New York Life | December 8, 2022
The New York Life Foundation, one of the largest corporate funders of bereavement support, today released its inaugural “State of Grief” report. The report features new research exploring COVID-19’s impact on grief support, parents’ views on bereavement support in schools, and insights on workplace bereavement policies. In addition, the report includes perspectives from the New York Life Foundation and its network of bereavement experts that translate the data into actionable guidance for creating more grief-sensitive environments at home, in school, and at work.
In so many ways, COVID-19 has served as an unprecedented inflection point for the bereavement support field, underscoring the importance of recognizing and acknowledging grief.
New York Life Foundation President Heather Nesle and Vice President Maria Collins.
In the opening letter of the report, New York Life Foundation President Heather Nesle and New York Life Foundation Vice President Maria Collins write, “In so many ways, COVID-19 has served as an unprecedented inflection point for the bereavement support field, underscoring the importance of recognizing and acknowledging grief, particularly in children, and being present for grieving families each and every day.... For us, this seemed like the right moment to take a deeper look at the grief support landscape to explore opportunities for expansion and look at what needs to improve so that, together with our bereavement partners, we can meaningfully advance the field.”
The report and survey results focus on three critical areas of grief support:
As the pandemic illuminates the need for greater bereavement support, the report offers insight and tips from the New York Life Foundation’s extensive network of bereavement experts including the National Center for School Crisis and Bereavement, the Trauma and Grief Center (TAG) Center at the Hackett Center for Mental Health in Houston, and Evermore.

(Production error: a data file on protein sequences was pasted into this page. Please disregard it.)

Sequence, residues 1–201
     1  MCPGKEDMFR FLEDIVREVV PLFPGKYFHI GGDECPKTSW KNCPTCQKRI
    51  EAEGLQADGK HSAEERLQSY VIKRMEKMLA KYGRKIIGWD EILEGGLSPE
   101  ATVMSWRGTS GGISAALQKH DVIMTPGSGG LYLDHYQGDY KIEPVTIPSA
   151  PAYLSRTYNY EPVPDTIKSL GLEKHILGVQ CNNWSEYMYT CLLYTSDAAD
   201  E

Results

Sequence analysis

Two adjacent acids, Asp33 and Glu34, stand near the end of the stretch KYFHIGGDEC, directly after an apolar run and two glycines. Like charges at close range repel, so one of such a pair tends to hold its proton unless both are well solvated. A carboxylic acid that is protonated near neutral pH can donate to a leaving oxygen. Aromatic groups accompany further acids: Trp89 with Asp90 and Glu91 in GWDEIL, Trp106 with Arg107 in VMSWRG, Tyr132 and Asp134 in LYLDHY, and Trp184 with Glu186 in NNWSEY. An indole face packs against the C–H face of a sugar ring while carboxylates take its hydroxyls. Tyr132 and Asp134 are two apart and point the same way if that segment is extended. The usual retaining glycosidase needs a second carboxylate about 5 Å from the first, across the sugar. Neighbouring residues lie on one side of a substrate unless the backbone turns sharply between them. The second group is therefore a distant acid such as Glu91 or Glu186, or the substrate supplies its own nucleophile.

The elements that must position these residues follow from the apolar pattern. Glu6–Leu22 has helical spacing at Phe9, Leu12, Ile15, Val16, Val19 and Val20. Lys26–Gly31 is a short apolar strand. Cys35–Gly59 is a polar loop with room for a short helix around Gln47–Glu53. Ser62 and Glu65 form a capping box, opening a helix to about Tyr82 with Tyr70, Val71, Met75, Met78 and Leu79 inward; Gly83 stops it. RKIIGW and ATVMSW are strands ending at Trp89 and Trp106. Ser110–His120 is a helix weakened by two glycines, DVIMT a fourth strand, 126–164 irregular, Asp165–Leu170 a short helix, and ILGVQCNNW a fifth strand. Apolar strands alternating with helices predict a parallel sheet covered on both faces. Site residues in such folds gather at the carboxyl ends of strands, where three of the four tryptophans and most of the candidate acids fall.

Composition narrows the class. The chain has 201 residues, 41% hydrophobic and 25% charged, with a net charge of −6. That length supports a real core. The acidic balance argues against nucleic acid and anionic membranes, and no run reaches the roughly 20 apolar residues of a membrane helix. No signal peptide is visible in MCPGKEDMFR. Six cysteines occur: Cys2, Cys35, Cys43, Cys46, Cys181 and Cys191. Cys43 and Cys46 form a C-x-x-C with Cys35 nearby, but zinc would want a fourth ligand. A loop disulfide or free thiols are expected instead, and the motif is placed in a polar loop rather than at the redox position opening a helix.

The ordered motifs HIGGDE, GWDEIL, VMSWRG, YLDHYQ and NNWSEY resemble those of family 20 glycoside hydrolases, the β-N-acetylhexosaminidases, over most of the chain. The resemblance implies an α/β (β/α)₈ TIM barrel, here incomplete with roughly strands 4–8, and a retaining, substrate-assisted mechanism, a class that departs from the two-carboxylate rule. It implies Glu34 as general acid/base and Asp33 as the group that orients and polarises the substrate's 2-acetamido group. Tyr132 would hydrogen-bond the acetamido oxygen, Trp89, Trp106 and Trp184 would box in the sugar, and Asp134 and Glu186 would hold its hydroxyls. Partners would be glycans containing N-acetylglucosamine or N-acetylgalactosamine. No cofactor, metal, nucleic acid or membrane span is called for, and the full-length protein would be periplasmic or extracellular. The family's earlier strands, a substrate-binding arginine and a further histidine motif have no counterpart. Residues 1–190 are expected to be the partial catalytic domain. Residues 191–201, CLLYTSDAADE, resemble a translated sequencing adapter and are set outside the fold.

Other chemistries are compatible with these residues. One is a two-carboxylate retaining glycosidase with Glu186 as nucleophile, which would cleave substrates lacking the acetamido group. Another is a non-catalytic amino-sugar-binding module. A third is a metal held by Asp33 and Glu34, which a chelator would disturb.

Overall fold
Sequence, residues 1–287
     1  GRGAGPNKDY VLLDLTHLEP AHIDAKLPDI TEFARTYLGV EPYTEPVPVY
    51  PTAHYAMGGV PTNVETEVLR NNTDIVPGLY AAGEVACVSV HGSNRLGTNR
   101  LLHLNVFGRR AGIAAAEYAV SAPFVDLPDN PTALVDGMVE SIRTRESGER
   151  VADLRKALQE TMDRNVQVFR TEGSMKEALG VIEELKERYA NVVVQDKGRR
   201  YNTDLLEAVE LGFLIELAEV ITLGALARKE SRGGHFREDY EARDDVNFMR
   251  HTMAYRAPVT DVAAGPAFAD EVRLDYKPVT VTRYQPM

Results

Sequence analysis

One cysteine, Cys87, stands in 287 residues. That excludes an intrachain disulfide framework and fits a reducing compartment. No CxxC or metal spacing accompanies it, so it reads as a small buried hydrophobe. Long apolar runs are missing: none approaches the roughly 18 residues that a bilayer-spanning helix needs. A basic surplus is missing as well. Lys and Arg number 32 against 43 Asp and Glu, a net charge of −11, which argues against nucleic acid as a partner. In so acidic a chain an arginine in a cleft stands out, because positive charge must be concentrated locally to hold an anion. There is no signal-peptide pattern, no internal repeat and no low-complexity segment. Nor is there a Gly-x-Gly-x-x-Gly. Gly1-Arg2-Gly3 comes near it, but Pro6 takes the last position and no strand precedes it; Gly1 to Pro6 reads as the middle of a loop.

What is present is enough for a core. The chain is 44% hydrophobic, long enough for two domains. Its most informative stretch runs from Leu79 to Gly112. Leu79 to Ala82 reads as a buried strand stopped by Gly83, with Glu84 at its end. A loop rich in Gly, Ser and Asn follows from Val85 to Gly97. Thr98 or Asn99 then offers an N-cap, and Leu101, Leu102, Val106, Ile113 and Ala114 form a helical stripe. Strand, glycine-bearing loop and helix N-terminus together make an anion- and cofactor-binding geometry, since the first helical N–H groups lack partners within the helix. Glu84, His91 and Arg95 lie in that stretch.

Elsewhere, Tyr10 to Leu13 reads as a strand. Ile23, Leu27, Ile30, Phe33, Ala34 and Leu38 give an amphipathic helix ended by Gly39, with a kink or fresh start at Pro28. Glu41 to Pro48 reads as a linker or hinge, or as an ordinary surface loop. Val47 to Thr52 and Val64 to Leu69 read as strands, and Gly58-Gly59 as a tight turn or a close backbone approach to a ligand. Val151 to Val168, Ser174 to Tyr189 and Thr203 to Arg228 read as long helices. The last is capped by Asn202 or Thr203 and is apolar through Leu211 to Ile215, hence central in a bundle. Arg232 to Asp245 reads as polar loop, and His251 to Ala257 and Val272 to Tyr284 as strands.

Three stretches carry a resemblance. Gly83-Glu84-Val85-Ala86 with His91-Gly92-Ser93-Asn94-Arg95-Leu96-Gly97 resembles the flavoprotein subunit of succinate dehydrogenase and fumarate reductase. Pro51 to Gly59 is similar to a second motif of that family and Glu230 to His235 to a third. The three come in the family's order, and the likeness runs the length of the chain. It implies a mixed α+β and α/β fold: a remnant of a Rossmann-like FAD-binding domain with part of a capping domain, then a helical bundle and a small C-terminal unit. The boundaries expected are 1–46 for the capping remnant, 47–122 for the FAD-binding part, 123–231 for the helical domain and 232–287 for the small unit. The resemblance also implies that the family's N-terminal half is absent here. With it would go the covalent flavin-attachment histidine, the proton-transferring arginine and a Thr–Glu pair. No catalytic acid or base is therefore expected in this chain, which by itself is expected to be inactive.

Reflecting on the pandemic’s impact on grief support, Nesle notes: “Historically, we have been a grief-averse society, but our survey results indicate that the pandemic may prove to be an inflection point, dramatically underscoring the need for more grief awareness, understanding, and dialogue. We all need to embrace this moment to encourage open conversations and practical support—at home, in school, and in the workplace—so people will be properly prepared, cared for, and supported when a loved one dies.”
The full “State of Grief” report is available here.
Read the entire press release here.
Check out the survey results here.
This poll was conducted by Morning Consult from Sept. 16 to Sept. 19, 2021, among a sample of 4,400 general population adults (73 opted out from participating due to the survey’s topic). The interviews were conducted online, and the data was weighted to approximate a target sample of adults based on gender, educational attainment, age, race, and region. Results from the full survey have a margin of error of plus or minus 2 percentage points.
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